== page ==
DISCLAIMER

Our microneedling depth guide provides only the general guidelines – only an expert can determine the proper, safe way to perform the treatment with certainty.

Microneedling Depth for Collagen Production

Microneedling is often referred to as a collagen induction therapy because the injury is caused on purpose to trigger collagen and elastin production. This is mostly why this treatment is closely associated with anti-aging.

To get the most out of the procedure, use a 0.5 mm – 1 mm length.

Microneedling Depth for Wrinkles

Fine lines and shallow wrinkles react great to this treatment. They can be treated with 0.5 mm needles, as that’s enough to trigger collagen production.

However, for deeper and more pronounced wrinkles the needle length can go as high as 2 mm.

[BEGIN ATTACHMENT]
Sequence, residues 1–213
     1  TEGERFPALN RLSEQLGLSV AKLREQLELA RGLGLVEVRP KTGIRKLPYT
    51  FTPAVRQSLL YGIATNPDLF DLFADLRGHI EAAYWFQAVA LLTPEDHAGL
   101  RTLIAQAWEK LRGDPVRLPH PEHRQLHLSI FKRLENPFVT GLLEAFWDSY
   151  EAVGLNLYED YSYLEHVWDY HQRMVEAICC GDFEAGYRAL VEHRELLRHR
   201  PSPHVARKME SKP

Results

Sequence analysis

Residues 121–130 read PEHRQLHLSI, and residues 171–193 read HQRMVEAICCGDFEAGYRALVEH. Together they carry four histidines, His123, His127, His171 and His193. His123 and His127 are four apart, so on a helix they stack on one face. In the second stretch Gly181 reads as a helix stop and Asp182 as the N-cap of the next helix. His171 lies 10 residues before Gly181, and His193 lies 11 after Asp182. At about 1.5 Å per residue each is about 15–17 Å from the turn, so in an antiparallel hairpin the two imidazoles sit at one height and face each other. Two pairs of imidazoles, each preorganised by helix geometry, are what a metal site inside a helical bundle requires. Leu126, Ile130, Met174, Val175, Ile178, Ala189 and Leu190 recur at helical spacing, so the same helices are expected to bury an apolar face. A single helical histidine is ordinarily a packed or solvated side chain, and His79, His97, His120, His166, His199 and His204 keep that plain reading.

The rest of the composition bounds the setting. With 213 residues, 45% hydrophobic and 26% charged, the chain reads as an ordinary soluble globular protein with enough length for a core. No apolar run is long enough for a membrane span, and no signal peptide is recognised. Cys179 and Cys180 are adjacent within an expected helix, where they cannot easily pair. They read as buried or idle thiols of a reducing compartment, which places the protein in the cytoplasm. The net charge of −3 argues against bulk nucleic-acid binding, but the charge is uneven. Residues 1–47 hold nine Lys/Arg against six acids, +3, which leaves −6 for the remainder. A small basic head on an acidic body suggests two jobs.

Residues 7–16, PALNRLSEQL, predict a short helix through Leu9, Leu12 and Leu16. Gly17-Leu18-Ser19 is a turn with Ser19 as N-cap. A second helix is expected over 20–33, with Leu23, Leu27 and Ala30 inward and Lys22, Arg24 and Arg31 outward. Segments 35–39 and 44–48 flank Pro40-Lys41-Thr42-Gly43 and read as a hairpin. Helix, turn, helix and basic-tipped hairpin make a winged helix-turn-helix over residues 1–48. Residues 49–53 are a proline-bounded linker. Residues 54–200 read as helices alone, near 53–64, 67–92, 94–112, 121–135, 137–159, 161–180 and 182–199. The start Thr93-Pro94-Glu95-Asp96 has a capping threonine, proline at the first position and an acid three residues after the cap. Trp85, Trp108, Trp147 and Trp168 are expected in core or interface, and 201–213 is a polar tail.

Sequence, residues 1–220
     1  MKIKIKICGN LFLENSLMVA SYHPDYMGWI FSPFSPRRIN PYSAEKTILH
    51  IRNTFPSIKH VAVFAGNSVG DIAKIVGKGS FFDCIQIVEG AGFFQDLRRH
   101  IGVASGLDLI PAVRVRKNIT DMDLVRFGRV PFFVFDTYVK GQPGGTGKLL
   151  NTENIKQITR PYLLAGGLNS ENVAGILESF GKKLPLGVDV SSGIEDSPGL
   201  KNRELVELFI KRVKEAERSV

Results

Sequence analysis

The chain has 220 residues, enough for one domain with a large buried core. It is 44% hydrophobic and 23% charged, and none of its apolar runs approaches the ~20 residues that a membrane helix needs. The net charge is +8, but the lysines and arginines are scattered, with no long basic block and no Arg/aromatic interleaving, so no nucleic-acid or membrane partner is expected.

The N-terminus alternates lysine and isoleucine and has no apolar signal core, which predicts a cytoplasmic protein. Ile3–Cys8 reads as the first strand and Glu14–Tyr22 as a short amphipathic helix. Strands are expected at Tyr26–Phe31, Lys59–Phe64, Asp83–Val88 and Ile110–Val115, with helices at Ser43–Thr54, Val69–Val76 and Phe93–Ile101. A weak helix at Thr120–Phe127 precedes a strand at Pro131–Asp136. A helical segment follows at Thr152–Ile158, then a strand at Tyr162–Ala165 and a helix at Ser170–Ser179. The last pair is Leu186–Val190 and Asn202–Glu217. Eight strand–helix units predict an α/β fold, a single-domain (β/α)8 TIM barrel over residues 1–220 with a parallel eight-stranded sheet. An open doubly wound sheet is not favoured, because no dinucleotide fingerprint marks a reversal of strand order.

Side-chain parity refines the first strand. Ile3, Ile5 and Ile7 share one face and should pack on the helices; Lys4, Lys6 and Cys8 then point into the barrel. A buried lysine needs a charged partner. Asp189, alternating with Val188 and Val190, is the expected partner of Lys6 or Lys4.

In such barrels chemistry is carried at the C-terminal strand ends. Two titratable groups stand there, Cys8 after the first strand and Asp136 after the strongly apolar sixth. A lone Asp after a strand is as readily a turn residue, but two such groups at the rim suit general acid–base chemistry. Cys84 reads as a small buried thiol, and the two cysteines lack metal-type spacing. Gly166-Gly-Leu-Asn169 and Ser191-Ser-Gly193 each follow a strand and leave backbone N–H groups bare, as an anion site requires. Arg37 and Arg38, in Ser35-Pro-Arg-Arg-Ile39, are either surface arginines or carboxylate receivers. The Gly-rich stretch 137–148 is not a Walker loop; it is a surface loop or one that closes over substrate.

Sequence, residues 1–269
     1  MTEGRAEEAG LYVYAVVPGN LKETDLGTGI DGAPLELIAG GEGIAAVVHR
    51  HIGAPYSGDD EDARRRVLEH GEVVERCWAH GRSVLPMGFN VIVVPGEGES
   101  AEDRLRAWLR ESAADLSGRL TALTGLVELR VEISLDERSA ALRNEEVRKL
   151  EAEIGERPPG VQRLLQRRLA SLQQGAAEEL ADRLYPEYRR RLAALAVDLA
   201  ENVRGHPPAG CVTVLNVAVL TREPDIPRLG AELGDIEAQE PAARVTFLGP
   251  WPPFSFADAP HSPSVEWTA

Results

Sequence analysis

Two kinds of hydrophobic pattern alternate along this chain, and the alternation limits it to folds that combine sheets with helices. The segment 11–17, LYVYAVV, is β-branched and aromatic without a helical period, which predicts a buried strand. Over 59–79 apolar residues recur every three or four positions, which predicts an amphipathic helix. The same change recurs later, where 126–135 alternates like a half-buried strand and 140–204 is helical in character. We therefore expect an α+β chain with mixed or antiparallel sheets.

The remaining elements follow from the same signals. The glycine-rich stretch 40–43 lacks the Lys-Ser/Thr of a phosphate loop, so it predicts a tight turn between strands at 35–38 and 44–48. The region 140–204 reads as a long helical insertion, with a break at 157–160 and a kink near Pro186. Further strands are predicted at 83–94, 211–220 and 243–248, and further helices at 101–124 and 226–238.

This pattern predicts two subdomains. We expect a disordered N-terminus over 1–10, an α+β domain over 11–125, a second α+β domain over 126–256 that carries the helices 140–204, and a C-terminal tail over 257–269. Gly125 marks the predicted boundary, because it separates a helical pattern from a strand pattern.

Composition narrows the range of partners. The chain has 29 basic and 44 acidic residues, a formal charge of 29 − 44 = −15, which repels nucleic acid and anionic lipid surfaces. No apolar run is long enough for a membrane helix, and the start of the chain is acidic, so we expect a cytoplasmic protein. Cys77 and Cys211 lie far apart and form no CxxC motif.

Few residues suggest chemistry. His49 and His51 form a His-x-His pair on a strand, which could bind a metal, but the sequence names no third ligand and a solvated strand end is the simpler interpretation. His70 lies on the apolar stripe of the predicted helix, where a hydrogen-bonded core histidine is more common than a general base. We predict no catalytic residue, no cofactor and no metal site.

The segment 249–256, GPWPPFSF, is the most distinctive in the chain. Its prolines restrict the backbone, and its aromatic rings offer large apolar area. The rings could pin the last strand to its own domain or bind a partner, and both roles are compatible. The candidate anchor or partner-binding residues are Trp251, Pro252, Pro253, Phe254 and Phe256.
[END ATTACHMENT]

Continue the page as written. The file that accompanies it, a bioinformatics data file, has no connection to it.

Microneedling Depth for Large Pores

Enlarged pores are a problem that is very easy to resolve. You don’t need to go deep at all and even 0.25 mm needles can get the job done.

Microneedling Depth for Acne Scars

Microneedling to get rid of acne scars is one of the biggest reasons to choose this treatment.

The necessary microneedling depth for acne scars depends on the severity of the scarring. It can go from 0.5 mm, up to 1.5 mm for deep scars.

While most in-office treatments will be done with a 1 mm device, for home treatments, 0.5 mm is the deepest you can go without risking damage. Performing the treatment incorrectly can lead to more scarring and hyperpigmentation.

For extreme cases, up to 2.5 mm length is used but these are then considered clinical treatments and are done by medical professionals.

microneedling depth guide for microneedling for acne scars